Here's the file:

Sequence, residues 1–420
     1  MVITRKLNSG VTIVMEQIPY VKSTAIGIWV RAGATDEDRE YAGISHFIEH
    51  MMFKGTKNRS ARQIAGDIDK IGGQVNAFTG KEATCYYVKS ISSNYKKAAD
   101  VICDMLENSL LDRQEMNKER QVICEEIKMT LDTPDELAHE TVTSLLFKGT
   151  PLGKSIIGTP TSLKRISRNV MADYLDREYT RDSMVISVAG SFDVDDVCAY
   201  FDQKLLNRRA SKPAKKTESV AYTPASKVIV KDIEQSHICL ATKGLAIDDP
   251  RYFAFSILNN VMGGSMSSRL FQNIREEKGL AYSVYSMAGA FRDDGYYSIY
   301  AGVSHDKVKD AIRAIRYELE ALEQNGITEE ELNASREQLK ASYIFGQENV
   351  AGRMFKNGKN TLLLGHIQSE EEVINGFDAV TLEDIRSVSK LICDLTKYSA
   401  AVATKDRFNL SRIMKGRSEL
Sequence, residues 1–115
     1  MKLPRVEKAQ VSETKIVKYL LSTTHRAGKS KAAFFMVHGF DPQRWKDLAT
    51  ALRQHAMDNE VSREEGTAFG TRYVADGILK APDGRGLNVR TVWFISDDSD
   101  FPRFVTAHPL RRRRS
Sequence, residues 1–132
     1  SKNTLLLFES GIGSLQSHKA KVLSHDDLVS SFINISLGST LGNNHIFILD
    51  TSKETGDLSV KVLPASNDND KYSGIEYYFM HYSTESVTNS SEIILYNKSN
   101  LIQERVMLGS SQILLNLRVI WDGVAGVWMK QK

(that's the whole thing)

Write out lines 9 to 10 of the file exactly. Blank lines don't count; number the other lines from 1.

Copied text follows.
   351  AGRMFKNGKN TLLLGHIQSE EEVINGFDAV TLEDIRSVSK LICDLTKYSA
   401  AVATKDRFNL SRIMKGRSEL